Differences Between Manual Flight Computers

Discussion in 'Pilot Training' started by Rory, Dec 20, 2017.

  1. Rory

    Rory Pre-takeoff checklist

    Joined:
    Dec 17, 2017
    Messages:
    151
    Display Name:

    Display name:
    Rory
    I've been a bit curious about this and spent some time yesterday tracking down the history.

    At this point, there are two styles of manual computer, the E6B (which has a slide that fits into the main body of the computer) and the CR, which is circular and has no slide.

    Philip Dalton, a pilot with the U.S. Naval Reserve, invented and patented the E6B, and his 1936 patent application can be read via a search on Google Patents. On the marketing side, he worked with Philip Weems, whose name will be familiar to mariners here as one half of Weems and Plath.

    Siegfried Knemeyer, both an active military pilot and head of technical development for aviation for the German Reich, invented the predecessor of the CR for use by the Luftwaffe. In 1955, a pilot named Harold Raymond Lahr, together with his employer, United Airlines, patented a version of Kneyemeyer's computer and assigned the patent to Jeppesen. The Lahr/United Airlines patent can also be read via a search on Google Patents.

    The main difference between the E6B and the CR is that the latter takes a more mathematical, trigonometric approach to solving wind triangles. One result is that the CR is more compact (indeed, this is stressed in the patent application), but perhaps a bit harder to grasp.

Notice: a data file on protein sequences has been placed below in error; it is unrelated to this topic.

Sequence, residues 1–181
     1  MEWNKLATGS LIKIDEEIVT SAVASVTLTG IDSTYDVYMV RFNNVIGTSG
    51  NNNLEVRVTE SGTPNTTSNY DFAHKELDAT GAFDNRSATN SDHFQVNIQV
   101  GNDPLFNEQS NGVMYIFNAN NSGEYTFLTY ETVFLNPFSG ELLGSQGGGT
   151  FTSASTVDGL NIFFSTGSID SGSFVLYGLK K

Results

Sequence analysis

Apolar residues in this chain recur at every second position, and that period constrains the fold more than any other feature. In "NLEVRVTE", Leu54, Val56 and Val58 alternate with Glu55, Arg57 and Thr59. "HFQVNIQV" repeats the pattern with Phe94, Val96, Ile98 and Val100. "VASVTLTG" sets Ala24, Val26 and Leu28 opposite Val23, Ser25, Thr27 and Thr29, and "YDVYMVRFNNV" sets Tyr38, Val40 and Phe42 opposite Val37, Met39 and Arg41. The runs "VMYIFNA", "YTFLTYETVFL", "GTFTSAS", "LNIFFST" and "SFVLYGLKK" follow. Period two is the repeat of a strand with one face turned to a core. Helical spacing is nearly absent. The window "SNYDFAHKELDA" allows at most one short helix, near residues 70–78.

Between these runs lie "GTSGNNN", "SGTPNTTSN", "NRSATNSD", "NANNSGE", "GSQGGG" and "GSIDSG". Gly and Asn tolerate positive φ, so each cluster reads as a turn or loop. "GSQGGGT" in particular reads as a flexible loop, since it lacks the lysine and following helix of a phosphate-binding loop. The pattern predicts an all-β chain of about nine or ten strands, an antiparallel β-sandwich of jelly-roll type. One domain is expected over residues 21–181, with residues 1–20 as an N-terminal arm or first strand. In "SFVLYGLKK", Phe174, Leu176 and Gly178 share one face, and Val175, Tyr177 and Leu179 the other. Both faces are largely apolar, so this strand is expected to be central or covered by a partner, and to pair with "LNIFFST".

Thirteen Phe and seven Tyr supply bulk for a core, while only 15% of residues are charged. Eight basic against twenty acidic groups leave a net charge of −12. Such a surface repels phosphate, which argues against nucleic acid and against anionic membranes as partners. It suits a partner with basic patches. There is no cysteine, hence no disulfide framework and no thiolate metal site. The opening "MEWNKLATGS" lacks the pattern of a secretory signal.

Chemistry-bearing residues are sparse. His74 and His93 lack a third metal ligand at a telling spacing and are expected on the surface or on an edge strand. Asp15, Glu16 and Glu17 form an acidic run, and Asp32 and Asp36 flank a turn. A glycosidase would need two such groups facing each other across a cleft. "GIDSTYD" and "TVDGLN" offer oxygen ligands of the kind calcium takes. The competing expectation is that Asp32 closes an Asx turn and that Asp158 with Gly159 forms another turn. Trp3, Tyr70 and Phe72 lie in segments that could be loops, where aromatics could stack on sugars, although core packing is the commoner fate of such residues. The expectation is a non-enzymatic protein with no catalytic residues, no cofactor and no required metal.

Philip Dalton died when his plane crashed while instructing a new Naval aviator. After the War, the U.S. decided to "invite" Knemeyer, along with von Braun and other prominent German scientists, to become a U.S. citizen. Lahr went on to become the principal spokesman for the argument that TWA Flight 800, which in 1996 crashed off Long Island with major loss of life, was shot down by a missile, and that the U.S. Government, including the NTSB, the CIA and the FBI, have engaged in a massive coverup ever since. Ray Lahr, or people associated with him, continue to maintain a web site in his name dedicated to the cause, most recently updated two years ago.

    The Patents on both styles of flight computer have long since lapsed. The Pooley's CRP computers (dominant in the U.K.) are based on the E6B. There are several companies making copies of the CR. The "new" ASA E6B Circular Flight Computer, released in 2014, is not an E6B at all. It is a copy of the Jeppesen CR. I guess that ASA thought that the name "Circular E6B" would sell better.

    If you look at instruction manuals from 30 years ago, they stress the wind functions and treat the rest as secondary. Newer manuals stress such useful features as converting liters and U.S. gallons to Imperial Gallons. Hey, there are apparently a couple of Caribbean islands that continue to use the latter, and wind computations are a bit harder :)

    Yes, I have too much time on my hands :)
     
    Last edited: Dec 20, 2017
  2. Matthew

    Matthew Touchdown! Greaser!

    Joined:
    Apr 18, 2005
    Messages:
    13,729
    Location:
    kojc, kixd, k34
    Display Name:

    Display name:
    Matthew
    I have one of each.

    I got the CR so I could have something else to play with.
     
    Rory likes this.
  3. Matthew

    Matthew Touchdown! Greaser!

    Joined:
    Apr 18, 2005
    Messages:
    13,729
    Location:
    kojc, kixd, k34
    Display Name:

    Display name:
    Matthew
    It's been a long time since I've messed around with the CR wind side. My recollection is that it's really easy to calculate xwind components. But it's pretty easy to take a quick glance at the xwind chart printed on my kneeboard, too.
     
  4. Rory